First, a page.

Smiling at strangers
A new app for meeting students comes to UB
We're living in a virtual age.
First, emails and instant messaging made communication easier. Then, people could complete simple tasks like shopping for clothes and groceries via cell phone.
And now, people can pass on smiles without physically smiling.
A new app called SmileBack just launched in the Buffalo area about two weeks ago. It allows college students to meet new people on their campus through a different and innovative platform. By "smiling" at someone through this software, students can connect through mutual attractions and interests.
Dan Berenholtz, the app's founder, created the iOS application along with friends and co-founders Venkat Dinavahi and Roy Goldschmidt and brother Doron.
The SmileBack team brought the program to Buffalo by introducing it to 100 people with hopes it will spread.
The social networking application allows college students to send anonymous smiles to other SmileBack users in their area.If they send a smile back, the two users will be able to text each other through the app.
"I wouldn't call it a dating site," Berenholtz said. "It could be used for dating, it could be used for relationships and it could also just be for meeting new friends. We wanted to create a social network for meeting new people."
If the couple creates a match, they also receive a voucher for free drinks at a local bar. SmileBack is still working on a partnership with one of Buffalo's bars.
SmileBack is currently available in eight cities on the East Coast, including Ithaca, Washington, D.C. and New York City. Buffalo made the list a couple of weeks ago, followed by Syracuse. In total, the app has over 5,000 users, according to Berenholtz.
Chelsie Zanghi, a junior business major, received an email from Berenholtz a few weeks ago regarding the launch of this new app in Buffalo.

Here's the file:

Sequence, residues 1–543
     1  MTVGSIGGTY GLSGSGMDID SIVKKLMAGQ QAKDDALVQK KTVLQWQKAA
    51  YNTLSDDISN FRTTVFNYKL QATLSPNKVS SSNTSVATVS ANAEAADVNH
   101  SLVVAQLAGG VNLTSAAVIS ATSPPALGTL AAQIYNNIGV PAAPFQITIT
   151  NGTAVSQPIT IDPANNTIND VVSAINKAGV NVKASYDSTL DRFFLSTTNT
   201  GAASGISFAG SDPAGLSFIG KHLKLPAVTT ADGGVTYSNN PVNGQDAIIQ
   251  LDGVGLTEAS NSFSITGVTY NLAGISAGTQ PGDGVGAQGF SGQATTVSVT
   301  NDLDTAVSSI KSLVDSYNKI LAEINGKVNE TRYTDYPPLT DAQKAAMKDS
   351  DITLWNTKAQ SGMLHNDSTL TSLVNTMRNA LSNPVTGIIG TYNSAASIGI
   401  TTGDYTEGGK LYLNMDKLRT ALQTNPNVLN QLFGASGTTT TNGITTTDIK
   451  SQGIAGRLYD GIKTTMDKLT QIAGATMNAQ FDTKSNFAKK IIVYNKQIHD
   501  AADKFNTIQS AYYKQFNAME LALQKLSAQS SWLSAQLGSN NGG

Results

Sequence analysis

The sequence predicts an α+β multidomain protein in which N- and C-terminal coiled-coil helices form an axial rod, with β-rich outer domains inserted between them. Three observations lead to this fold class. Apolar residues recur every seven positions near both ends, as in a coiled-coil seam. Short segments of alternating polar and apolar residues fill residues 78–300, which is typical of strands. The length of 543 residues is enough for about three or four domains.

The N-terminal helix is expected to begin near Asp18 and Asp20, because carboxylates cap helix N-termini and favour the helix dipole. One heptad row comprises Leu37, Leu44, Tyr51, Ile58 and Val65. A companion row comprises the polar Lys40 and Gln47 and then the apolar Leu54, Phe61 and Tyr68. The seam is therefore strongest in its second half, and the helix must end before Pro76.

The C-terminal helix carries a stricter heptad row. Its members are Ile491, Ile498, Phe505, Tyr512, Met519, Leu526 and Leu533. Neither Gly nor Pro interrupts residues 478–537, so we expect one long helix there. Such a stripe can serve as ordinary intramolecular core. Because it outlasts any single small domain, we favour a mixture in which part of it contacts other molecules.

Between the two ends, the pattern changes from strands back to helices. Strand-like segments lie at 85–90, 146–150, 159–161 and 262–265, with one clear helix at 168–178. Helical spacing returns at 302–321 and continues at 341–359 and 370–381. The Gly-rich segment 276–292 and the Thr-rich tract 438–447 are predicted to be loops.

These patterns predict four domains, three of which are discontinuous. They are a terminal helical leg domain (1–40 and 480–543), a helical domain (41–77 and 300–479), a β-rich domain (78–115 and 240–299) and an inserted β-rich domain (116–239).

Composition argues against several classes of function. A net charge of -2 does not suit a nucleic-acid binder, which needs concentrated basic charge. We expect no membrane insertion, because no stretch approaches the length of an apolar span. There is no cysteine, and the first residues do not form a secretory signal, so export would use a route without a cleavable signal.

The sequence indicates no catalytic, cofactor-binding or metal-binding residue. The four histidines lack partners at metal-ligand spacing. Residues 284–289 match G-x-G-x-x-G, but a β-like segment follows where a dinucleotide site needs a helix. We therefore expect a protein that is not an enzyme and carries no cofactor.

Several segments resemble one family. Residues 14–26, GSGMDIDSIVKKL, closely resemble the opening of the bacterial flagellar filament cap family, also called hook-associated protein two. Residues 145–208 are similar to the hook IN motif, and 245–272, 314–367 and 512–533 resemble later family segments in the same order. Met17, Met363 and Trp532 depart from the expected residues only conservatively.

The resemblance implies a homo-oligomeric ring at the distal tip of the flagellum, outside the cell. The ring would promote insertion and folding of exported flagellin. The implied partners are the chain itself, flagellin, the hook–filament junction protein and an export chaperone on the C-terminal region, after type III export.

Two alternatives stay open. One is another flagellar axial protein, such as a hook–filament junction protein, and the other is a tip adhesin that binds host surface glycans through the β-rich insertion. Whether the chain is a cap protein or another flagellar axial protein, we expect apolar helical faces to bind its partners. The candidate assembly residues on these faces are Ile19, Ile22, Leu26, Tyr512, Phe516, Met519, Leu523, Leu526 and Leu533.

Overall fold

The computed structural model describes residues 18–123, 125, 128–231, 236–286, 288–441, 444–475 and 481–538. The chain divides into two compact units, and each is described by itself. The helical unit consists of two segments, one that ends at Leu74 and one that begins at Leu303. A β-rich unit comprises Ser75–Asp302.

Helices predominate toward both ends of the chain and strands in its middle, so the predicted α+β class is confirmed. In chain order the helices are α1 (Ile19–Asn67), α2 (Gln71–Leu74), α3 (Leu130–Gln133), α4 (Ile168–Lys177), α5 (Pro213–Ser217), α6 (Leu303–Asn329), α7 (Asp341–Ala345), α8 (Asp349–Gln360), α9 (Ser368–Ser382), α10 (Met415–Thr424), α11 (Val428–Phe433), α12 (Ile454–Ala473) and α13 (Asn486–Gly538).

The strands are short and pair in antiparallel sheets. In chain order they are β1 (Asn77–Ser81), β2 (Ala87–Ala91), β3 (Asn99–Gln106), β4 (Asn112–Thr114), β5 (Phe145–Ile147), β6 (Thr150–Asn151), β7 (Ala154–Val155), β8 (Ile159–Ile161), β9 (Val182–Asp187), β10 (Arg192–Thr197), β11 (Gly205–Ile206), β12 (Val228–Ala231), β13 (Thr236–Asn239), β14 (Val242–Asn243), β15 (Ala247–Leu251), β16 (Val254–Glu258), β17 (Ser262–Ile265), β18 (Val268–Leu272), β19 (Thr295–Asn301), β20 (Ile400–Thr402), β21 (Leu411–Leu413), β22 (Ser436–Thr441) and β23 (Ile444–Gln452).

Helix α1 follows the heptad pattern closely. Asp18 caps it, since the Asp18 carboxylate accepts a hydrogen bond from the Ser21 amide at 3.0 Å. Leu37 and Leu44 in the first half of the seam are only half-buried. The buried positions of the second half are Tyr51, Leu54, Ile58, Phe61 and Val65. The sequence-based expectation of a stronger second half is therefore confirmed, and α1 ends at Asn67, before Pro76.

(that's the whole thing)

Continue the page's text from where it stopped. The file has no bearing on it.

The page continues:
"I don't know if a lot of students know about it, but it could be used as a way of breaking the ice and meeting friends at such a large campus," Zanghi said.
The team has plans to spread the app to other parts of the nation, too.
Berenholtz said they built their reputation in a number of ways, from word of mouth to asking friends in different schools to promote their app to using social media sites like Facebook.
Only Apple products with cellular service support SmileBack; non-iPhone users, like Zanghi, cannot access the program.
Berenholtz said because the app is location-based and the users are matched with students in close proximities, it was logical to keep it only to cellular devices. Also, because people are constantly on their phones, it was a natural decision to make it into a mobile app, he said.
SmileBack originally started as a website called whowentout.com, which was similar to the app but revolved more around nightlife and who might be at the same party or club as the user. Berenholtz and his team decided to open up the pool to anyone on college campuses.
"Even though our product is different now, our goal is always the same," Berenholtz said. "And that is to facilitate connections among college students."
SmileBack was officially launched as a mobile app in the spring of 2013 as a small private beta only for iPhones.The team is currently working on the Android version and will launch it in the next couple months.
Some students are excited about testing out the product, but others disagree with its effectiveness.
"It's a social technological advance," said Anthony J. Field, a sophomore history major. "But it coddles people to a degree."
Field feels that with an app like SmileBack, students are not interacting in a location where they could be and instead they are more or less hiding behind their phones.
He says that this new platform for meeting other students is a good idea, but they "don't need an app for it."
The SmileBack team hopes the iPhone application will continue to grow in Buffalo as it has in other cities.